23 Colour dilution alopecia
Colour dilution alopecia is a developmental disorder resulting in the weakening of hair shafts and progressive alopecia due to abnormal melanin pigment distribution within hair shafts, and within epidermal and follicular keratinocytes. It is a common condition in dogs with blue or fawn dilute colour hair coats. This case report describes a case of colour dilution alopecia in a collie with a blue hair coat.
The onset of symptoms in colour dilution alopecia is usually between 6 months and 3 years of age and may present initially as gradual onset dorsal alopecia or as dorsal folliculitis. Only hairs in the dilute coat colour area are involved. When dogs present with folliculitis, there is a gradual progression of alopecia following each episode of folliculitis. Unless there is pyoderma, this is a non-pruritic disease and there is no systemic involvement. The history in this case was as follows:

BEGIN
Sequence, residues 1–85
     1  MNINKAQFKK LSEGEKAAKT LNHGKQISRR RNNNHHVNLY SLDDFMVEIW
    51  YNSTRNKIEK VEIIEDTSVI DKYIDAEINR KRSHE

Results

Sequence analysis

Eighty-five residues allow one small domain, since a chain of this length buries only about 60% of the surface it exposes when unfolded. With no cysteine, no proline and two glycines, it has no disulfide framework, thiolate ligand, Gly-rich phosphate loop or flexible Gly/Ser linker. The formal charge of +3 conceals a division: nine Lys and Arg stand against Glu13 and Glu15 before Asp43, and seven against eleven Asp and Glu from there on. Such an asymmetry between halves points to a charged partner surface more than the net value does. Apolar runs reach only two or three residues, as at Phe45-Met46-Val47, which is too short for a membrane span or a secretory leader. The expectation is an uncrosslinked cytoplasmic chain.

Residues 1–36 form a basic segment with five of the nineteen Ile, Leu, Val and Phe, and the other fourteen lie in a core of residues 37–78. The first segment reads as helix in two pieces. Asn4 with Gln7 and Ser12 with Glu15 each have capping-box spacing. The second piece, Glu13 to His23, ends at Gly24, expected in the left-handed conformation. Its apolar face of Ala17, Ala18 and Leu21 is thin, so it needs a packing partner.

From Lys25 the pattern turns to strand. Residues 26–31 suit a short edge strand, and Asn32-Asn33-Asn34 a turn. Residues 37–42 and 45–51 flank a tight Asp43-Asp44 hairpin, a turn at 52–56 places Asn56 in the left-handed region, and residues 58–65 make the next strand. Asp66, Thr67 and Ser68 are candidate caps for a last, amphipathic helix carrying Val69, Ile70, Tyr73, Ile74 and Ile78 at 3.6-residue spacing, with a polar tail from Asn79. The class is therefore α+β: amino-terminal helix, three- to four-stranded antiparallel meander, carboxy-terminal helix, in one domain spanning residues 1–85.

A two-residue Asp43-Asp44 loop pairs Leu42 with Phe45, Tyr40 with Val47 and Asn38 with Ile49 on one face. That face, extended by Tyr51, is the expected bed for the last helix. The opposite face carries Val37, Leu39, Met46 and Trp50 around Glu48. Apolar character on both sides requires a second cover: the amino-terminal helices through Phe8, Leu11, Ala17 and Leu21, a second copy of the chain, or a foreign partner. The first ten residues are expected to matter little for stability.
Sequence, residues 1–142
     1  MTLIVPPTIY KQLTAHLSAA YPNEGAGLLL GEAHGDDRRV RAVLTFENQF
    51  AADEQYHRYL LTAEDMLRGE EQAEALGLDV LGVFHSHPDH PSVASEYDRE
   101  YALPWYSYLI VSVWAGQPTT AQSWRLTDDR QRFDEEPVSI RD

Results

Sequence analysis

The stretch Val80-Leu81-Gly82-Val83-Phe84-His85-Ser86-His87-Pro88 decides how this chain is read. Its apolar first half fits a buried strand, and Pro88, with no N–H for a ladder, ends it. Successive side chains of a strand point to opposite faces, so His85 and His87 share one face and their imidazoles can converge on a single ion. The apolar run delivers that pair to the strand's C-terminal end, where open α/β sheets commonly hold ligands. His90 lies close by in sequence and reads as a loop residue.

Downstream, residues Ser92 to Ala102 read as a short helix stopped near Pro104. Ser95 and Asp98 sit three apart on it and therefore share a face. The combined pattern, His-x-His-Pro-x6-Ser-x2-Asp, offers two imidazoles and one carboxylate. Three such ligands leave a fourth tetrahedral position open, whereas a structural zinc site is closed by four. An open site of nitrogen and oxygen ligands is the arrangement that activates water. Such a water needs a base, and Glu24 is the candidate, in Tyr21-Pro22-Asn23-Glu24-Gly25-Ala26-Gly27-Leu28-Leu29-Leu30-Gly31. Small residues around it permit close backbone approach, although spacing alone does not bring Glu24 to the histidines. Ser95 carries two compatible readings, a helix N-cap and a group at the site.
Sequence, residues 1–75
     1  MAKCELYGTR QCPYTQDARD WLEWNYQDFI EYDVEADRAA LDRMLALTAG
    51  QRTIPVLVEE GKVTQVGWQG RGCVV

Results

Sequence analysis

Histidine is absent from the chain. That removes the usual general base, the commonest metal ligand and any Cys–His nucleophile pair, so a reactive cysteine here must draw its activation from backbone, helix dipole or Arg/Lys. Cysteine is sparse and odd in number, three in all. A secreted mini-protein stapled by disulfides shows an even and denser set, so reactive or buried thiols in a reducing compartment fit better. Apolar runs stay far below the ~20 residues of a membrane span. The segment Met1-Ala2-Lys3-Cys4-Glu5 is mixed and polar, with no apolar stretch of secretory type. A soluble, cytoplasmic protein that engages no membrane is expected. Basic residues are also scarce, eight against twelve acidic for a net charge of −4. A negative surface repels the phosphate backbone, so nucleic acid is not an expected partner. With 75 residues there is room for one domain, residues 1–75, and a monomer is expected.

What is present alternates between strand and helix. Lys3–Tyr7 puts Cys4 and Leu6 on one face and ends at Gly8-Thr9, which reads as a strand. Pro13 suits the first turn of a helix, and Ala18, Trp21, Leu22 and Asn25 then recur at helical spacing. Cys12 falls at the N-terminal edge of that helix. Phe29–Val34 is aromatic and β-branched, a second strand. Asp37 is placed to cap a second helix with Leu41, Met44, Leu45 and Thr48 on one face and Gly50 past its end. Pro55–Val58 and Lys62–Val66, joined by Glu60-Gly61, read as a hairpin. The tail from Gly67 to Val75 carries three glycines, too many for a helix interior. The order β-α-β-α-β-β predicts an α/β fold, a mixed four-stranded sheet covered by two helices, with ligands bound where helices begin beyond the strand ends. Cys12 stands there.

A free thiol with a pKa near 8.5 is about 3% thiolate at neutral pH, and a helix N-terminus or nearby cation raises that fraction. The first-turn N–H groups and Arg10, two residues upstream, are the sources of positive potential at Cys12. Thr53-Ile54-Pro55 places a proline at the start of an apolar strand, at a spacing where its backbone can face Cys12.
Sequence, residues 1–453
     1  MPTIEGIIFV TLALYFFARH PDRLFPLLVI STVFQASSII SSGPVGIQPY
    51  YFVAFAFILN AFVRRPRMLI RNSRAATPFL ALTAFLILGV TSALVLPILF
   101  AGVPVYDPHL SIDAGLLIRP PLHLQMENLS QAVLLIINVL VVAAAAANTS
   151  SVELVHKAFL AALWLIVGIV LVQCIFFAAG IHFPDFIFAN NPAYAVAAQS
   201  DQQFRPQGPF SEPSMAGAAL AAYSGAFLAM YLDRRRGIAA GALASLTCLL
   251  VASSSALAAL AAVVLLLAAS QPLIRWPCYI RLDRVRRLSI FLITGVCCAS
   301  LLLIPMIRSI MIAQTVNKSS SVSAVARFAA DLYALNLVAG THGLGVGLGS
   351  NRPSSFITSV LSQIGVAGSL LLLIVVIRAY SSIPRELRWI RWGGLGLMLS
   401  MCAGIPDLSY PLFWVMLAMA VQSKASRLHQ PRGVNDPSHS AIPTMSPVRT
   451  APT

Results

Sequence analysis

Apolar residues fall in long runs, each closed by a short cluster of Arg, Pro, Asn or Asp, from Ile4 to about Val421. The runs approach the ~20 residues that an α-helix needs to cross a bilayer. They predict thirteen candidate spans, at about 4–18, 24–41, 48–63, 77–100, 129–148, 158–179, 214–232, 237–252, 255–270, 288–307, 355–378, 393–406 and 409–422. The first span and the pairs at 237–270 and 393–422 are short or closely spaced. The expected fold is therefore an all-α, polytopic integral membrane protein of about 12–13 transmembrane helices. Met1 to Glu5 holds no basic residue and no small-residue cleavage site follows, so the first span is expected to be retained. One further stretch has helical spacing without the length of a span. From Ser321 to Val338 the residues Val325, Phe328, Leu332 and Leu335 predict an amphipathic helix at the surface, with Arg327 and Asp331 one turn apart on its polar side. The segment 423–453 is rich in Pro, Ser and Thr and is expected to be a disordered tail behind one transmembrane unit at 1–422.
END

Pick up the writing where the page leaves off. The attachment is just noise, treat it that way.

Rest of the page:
General physical examination was unremarkable.
Examination of the skin revealed generalized, partial to complete alopecia over the pinnae and trunk (Figs 23.1 and 23.2). White areas were unaffected.
There was loss of primary hair shafts over the pigmented areas, revealing a blue to brown, dilute coloured undercoat.
In this case, the history and clinical signs were strongly suggestive of colour dilution alopecia, although other causes of non-pruritic alopecia were potential rule-outs. The involvement of a staphylococcal folliculitis could be ruled out on the basis of no response to the previous antibacterial therapy. In tardive onset cases, causes of hair follicle arrest, such as hypothyroidism and hyperadrenocorticism, should also be considered as differentials.
Therefore, the differential diagnosis list was: